Kerala not to implement Ordinance to curb abusive content

Our Bureau Thiruvananthapuram | Updated on November 24, 2020

Move runs into all-round criticism

The Kerala government has decided against enacting a controversial Ordinance to empower the police to prosecute persons for purveying information deemed defamatory by the law enforcing agencies.

This retreat came about after Chief Minister Pinarayi Vijayan met with members of the CPI(M) State secretariat and the ruling Left Democratic Front (LDF). Both had come under attack from journalist organisations and civil rights activists for promulgating what they described as a ‘black law’ threatening free speech and the freedom of the press.


The Chief Minister said various quarters had aired scepticism about the ‘recent revision to the Kerala Police Act, 2011.’ Hence, the State government had decided not to put into effect the Ordinance signed into law last week by the Governor Arif Muhammad Khan.

Targeted against slander

LDF convener and CPI(M) acting State secretary A Vijayaraghavan said ‘concerns raised by progressive persons’ had prompted the rethink. According to him, misuse of social media for slander targeting women, children and families had necessitated the law. But the scope of potential abuse of the law had prompted its withdrawal.

Both the Opposition Congress and the state unit of the BJP had vehemently criticised the insertion of Section 118-A into the Kerala Police Act. The amendment proposed three years of imprisonment and a fine of up to ₹10,000 for those convicted of producing, publishing or disseminating derogatory content through any means of communication to intimidate, insult or defame any person.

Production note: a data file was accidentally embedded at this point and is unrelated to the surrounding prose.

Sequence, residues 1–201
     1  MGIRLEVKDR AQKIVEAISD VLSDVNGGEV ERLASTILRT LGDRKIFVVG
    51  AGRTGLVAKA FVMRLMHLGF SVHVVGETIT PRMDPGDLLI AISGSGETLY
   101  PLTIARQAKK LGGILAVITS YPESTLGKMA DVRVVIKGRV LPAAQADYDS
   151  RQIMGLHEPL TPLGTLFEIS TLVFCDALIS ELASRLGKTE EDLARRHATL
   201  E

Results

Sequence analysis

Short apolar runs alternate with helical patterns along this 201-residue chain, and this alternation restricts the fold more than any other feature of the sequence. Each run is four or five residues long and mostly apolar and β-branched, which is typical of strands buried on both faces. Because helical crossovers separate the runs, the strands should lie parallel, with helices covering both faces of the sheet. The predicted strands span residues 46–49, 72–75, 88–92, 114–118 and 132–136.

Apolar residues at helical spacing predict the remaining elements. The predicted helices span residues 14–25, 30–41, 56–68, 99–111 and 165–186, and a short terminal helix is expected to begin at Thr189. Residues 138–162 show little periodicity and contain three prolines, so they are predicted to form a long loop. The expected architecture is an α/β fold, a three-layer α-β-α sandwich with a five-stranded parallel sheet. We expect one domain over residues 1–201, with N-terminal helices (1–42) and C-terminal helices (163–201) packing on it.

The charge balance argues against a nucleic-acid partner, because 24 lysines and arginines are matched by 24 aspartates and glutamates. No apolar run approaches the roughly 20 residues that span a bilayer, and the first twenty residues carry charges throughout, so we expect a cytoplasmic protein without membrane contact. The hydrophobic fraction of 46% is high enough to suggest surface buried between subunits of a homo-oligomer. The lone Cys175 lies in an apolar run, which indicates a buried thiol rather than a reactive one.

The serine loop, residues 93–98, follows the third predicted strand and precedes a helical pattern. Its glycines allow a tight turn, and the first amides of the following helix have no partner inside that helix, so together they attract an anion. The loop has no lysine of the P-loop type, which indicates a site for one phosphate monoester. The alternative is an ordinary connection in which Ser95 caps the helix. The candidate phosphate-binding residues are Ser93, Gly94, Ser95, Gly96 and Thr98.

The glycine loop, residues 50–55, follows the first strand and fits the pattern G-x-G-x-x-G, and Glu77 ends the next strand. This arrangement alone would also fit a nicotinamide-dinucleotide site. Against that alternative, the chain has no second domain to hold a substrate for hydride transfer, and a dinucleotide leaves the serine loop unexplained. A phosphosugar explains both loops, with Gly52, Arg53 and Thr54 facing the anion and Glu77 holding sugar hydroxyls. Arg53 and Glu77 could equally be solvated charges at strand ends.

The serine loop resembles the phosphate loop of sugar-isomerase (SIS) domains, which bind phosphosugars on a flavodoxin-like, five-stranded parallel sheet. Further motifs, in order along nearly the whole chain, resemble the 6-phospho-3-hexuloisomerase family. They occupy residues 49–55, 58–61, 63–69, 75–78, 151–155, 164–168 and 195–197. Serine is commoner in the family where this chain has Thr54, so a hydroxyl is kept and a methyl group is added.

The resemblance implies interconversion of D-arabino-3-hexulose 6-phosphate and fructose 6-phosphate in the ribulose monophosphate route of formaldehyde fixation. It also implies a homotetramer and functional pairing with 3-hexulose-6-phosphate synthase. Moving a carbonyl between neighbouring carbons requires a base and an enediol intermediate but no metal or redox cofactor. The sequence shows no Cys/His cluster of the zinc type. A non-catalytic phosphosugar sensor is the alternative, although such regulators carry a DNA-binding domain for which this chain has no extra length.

The law did not restrict itself to curbing ‘vile and inhumane social media posts against women and children’ alone, as claimed by the Chief Minister repeatedly. The Ordinance did not mention social media posts and had left the amendment open to broad and subjective interpretation by the police, it was argued.

Strident public outcry

Leader of the Opposition Ramesh Chennithala, Kerala Pradesh Congress Committee president Mullapally Ramachandran and the party-led United Democratic Front (UDF) convener MM Hassan staged a sit-in protest in front of the Secretariat asking the government to revoke the ‘draconian’ provision.

BJP State president K Surendran and UDF leader Shibu Baby John moved the High Court separately in the matter. Surendran said the amendment had sought to curtail the freedom of speech and expression guaranteed under Article 19 (I) of the Constitution. The government had attempted to insulate itself from critical media reports ahead of the local body and Assembly elections, he said.

The Congress and the BJP argued that the new law had rendered defamation a cognisable offence. Chennithala said the law conferred on the police the power to assess the loss of reputation and mental injury caused due to dissemination of news and views. Ruling coalition partner CPI had opposed the law ‘meekly and to no avail,’ he added.

Published on November 23, 2020

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